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      Sintomatología depresiva materna en México: prevalencia nacional, atención y perfiles poblacionales de riesgo Translated title: Maternal depressive symptomatology in México: National prevalence, care, and population risk profiles

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          Abstract

          Objetivo. Estimar la prevalencia de sintomatología depresiva (SD) en madres de menores de cinco años, tasas de detección y atención y probabilidades de presentar SD de acuerdo con perfiles de riesgo específicos. Material y métodos. Muestra de 7 187 mujeres con hijos menores de cinco años, proveniente de la Encuesta Nacional de Salud y Nutrición (Ensanut) 2012. Resultados. La prevalencia de SD es de 19.91%, lo que implica que 4.6 millones de menores viven con madres que podrán sufrir depresión moderada o grave. Hay bajas tasas de detección (17.06%) y atención (15.19%) de depresión. La SD se asocia con violencia (OR=2.34; IC95% 1.06-5.15), tener más de cuatro hijos, sexo femenino del menor, mayor edad del último hijo, bajo peso al nacer, inseguridad alimentaria y haber iniciado vida sexual antes de los 15 años (p<0.01). La probabilidad acumulada de SD, si se consideran todos los factores de riesgo, es de 69.76%; se podría reducir a 13.21% con medidas preventivas enfocadas en eliminar la violencia, la inseguridad alimentaria, las valoraciones inequitativas de género y el bajo peso al nacer. Conclusiones. La SD es un problema relevante de salud pública en México; está asociada con un conjunto bien determinado de factores de riesgo que ameritan prevención, así como detección y atención oportuna en los distintos niveles de atención.

          Translated abstract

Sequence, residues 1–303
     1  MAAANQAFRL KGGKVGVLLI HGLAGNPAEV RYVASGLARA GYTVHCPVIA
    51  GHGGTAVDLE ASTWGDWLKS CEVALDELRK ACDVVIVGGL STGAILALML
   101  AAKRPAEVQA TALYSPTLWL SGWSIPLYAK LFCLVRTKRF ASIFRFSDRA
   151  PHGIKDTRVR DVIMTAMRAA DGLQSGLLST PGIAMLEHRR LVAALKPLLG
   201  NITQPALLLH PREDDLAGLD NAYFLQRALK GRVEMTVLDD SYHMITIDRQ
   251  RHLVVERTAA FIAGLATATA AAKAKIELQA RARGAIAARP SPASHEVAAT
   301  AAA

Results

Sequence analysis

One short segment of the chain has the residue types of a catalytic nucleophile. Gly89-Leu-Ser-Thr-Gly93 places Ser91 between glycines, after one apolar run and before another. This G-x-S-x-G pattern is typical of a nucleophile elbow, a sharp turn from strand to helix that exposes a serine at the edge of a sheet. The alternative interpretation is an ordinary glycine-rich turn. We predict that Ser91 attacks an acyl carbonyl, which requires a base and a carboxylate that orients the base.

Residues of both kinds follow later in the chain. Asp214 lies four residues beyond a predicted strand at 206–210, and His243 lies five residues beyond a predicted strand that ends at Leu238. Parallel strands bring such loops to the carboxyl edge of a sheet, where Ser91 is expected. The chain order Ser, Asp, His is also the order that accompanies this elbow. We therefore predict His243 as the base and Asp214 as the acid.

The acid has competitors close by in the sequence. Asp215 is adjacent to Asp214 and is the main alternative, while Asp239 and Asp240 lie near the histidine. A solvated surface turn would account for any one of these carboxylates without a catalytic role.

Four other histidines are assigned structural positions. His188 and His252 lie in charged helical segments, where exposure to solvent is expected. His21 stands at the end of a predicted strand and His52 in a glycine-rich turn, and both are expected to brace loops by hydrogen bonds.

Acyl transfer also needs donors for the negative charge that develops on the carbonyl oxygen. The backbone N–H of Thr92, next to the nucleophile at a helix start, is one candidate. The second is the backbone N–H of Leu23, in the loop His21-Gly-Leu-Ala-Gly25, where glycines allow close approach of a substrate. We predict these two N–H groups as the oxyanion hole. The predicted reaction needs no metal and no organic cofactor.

Objective. This study estimates the prevalence of depressive symptomatology (DS) in women with children younger than five years of age, examines detection and care rates and probabilities of developing DS based on specific risk profiles. Materials and methods. The sample consists of 7 187 women with children younger than five drawn from the Ensanut 2012. Results. DS prevalence is 19.91%, which means at least 4.6 million children live with mothers who experience depressive symptoms indicative of moderate to severe depression. Rates of detection (17.06%) and care (15.19%) for depression are low. DS is associated with violence (OR=2.34; IC95% 1.06-5.15), having ≥4 children, having a female baby, older age of the last child, low birth weight, food insecurity, and sexual debut <15 years old (p<0.01). Accumulated probability of DS, taking into consideration all risk factors measured, is 69.76%. It could be reduced to 13.21% through prevention efforts focused on eliminating violence, food insecurity, bias against having a female baby, and low birth weight. Conclusions. DS is a compelling public health problem in Mexico associated with a well-defined set of risk factors that warrant attention and timely detection at various levels of care.